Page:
Peer-to-peer service marketplaces let people one side of the equation save time by outsourcing their tasks, while on the other side helping people earn extra cash for their skills. These marketplaces have thrived in the U.S. with companies like Exec, TaskRabbit, and Zaarly expanding south of the border, though they have yet to venture into Canadian territory. Which is why Montreal-based Kutoto, an iPhone app that provides similar functionality, believes it has a head start in the market, launching recently in both Toronto and Montreal.
The startup was co-founded in 2012 by Anton Yushin, Julien Cassis, and Abdullah Al-Sweidi, and raised $350,000 from private equity investors in October of last year. Kutoto currently has over 120 approved service providers who are prescreened and help its users complete tasks that range from delivering groceries, to designing logos, to cooking authentic Indian food and almost everything in between.
“Kutoto, if you want to think of an easy analogy, is Siri for real life. It connects busy Canadians with a network of qualified, pre-approved, and prescreened individuals who have the skills, experience, and time to help you out with errands, chores, personal training, and whatever else in between,” said Yushin in an interview with BetaKit.
Anyone can apply to complete tasks in Kutoto’s network, and have to go through an interview, do a photo ID scan, complete a reference check, and be tested for the skill they claim to want to provide. Yushin said the company has seen quite a bit of demand from people wanting to complete tasks, and has another 150 individuals in the pipeline waiting to be approved.
Users of Kutoto on the other hand download the iPhone app and create a post outlining the task they want completed, which category it fits into (around the house, pick up and delivery, etc.), their location, and the price they’re willing to pay. From there they are assisted by a community manager from Kutoto to guide them through the process as they start receiving bids from service providers, and they can go back and forth with those assistants via in-app chat and photo messaging functionality to negotiate the details of the transaction. The person who posted the task completes the transaction by paying via credit card, and the payment is transferred once the task has been completed.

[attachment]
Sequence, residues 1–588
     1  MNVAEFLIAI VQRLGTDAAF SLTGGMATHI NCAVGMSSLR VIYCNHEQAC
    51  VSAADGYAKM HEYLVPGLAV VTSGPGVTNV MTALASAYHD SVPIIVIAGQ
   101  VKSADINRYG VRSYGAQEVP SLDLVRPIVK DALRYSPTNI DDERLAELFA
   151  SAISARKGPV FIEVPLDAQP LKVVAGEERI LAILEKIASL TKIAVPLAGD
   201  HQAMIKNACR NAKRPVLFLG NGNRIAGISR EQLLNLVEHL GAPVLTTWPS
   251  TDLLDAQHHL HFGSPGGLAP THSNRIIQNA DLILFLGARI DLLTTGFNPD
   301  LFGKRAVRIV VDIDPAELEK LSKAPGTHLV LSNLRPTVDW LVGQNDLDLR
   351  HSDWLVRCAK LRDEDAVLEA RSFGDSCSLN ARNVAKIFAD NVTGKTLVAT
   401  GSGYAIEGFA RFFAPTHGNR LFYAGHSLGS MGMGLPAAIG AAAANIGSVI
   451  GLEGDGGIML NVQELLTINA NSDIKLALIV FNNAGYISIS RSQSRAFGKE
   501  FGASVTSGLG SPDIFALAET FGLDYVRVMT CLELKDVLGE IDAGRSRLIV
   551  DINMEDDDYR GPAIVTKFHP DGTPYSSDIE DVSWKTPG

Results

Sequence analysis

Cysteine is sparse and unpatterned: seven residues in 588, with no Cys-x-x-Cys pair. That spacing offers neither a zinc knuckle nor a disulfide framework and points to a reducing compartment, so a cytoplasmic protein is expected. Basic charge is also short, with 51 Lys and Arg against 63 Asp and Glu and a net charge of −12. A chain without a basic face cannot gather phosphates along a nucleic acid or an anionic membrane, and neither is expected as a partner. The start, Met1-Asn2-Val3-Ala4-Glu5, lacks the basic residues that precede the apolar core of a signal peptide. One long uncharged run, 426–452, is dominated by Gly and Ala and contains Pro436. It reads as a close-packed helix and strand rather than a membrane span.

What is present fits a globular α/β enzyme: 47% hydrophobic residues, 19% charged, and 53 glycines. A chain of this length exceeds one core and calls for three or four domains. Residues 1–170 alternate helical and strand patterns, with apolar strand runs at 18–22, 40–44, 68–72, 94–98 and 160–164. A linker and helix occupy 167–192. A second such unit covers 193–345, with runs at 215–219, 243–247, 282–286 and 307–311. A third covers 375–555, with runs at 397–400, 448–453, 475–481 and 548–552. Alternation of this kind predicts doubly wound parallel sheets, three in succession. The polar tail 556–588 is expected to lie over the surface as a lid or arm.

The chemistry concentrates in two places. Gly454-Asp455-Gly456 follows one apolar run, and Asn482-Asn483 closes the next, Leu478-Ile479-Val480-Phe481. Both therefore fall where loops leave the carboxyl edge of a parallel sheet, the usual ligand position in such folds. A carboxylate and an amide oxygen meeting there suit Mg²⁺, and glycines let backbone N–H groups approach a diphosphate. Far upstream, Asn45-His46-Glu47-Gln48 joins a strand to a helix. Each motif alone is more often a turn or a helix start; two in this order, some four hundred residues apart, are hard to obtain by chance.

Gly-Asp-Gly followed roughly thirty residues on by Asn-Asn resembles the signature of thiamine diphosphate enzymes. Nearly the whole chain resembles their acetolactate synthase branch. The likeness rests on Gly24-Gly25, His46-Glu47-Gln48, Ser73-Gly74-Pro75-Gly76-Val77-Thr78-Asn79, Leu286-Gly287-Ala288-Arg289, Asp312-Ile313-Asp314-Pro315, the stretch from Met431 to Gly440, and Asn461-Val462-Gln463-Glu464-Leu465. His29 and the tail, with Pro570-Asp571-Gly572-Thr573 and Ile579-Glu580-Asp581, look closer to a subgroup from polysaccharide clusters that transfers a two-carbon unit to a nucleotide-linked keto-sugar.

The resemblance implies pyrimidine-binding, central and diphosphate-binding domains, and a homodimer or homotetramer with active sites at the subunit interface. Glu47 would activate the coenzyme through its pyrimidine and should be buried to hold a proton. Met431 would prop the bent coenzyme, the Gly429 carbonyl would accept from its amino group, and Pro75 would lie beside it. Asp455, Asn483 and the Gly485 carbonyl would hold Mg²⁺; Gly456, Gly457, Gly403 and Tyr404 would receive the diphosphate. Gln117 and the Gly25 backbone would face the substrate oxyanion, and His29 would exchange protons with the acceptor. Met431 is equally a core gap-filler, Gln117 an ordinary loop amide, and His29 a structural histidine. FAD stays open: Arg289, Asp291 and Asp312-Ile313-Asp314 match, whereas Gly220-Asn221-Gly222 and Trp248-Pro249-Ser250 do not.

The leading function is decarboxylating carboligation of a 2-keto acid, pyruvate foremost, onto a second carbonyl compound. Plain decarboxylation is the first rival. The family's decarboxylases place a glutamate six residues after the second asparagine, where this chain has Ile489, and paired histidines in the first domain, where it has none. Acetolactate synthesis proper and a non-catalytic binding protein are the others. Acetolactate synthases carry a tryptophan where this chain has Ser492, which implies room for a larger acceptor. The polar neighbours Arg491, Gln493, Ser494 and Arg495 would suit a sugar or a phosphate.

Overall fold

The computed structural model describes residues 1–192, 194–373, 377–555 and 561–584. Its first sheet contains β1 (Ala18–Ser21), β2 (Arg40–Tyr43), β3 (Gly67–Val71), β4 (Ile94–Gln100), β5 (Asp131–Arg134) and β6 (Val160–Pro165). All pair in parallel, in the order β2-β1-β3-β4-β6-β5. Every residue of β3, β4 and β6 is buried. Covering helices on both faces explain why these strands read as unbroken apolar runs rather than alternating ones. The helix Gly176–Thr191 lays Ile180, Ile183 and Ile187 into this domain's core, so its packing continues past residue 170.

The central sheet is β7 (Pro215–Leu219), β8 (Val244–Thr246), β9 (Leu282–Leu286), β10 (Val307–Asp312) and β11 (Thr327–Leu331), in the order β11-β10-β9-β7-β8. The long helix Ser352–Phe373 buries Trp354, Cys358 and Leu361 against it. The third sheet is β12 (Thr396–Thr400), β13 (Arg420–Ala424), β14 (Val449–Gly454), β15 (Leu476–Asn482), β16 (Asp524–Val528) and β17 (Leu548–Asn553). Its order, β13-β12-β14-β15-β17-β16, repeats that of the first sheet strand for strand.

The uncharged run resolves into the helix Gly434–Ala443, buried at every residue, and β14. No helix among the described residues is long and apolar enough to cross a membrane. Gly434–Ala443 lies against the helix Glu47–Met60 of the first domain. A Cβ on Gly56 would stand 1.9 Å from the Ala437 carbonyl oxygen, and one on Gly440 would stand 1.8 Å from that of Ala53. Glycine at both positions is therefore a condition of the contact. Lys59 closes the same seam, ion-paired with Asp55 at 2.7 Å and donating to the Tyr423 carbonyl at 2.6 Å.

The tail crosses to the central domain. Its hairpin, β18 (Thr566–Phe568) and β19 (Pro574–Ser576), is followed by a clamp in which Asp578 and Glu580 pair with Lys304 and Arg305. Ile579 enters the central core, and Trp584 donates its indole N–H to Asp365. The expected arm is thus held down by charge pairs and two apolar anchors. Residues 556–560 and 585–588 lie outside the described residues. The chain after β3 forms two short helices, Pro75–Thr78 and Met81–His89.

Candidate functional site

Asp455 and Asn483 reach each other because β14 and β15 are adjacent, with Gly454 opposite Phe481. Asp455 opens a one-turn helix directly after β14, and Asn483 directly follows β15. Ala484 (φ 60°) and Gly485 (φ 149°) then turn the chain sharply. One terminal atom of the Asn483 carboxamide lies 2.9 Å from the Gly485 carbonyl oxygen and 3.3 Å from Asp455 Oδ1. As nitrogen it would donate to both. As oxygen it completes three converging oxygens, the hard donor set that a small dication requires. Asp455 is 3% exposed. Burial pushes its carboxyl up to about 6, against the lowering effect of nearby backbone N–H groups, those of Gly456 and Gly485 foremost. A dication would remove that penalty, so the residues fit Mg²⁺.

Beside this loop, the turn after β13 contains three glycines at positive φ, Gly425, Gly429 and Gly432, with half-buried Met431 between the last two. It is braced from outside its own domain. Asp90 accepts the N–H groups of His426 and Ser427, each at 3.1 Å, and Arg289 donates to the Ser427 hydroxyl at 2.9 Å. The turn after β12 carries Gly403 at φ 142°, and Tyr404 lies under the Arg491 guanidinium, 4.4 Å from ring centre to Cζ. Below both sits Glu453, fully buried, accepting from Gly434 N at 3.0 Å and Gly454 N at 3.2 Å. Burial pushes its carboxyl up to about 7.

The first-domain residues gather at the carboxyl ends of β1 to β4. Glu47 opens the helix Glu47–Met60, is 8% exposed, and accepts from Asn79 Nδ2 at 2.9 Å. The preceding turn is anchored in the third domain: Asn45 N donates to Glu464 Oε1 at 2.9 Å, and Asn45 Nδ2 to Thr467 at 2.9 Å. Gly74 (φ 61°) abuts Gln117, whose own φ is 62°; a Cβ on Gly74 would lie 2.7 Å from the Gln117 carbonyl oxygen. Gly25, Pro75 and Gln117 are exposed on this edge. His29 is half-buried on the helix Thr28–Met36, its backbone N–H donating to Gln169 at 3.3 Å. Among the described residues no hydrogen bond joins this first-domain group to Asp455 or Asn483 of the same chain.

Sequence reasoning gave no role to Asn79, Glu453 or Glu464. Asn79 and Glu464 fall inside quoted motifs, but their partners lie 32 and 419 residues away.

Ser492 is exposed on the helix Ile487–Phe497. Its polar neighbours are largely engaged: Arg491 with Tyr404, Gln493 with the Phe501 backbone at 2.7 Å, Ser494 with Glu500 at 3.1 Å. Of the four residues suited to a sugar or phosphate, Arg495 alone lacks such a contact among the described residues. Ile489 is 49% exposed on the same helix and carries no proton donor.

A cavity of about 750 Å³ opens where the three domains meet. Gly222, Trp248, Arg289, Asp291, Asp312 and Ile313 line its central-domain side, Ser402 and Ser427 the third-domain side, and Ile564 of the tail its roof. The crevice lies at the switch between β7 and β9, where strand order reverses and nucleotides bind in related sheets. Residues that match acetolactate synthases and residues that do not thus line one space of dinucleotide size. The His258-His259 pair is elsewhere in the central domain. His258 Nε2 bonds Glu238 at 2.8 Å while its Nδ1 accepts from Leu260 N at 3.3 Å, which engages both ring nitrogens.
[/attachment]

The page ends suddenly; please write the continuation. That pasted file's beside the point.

Currently, Kutoto takes a flat 10 percent transaction fee from its providers for any errand over $50, and then has a sliding scale for any amount beneath that, so for transactions under $50, it can take up to 30 percent depending on how low the final price is.
When asked what would differentiate the company were any of the other U.S.-based startups to enter the Canadian market, Yushin said there were a few key factors. “When you post something on Kutoto, you actually instantly connect with a community manager, think of it as your personal assistant, that’s going to guide you through the process and chat with you,” Yushin added. “A lot of other marketplaces really dump you into this world of well, just find somebody on your own. Whereas our application really takes a hands on approach that says, great we’ve received your request, you’re going to get some offers, we’re here to help you out.”
While that may be true, it might not be a system that scales, since if the company grows to millions of users, it won’t be feasible to have a community manager assist every person who posts a task. The other difference Yushin mentioned is the app also enables P2P payments facilitated through the company’s relationships with the major banks in the Canadian market, so users can set up a Kutoto balance and pay directly through the mobile app rather than paying by credit card.
The startup is currently in talks with VCs to raise a more substantial round and is also looking to add a web app to provide desktop functionality, in addition to an Android app down the road. While right now it doesn’t have to compete with task marketplaces south of the border, if and when they do decide to venture up north they’ll likely give Kutoto a run for its money. Especially since competing services are branching out beyond general task marketplaces, with Exec launching a dedicated housecleaning app last month and Zaarly launching its Storefronts feature for merchants to promote their custom goods last year.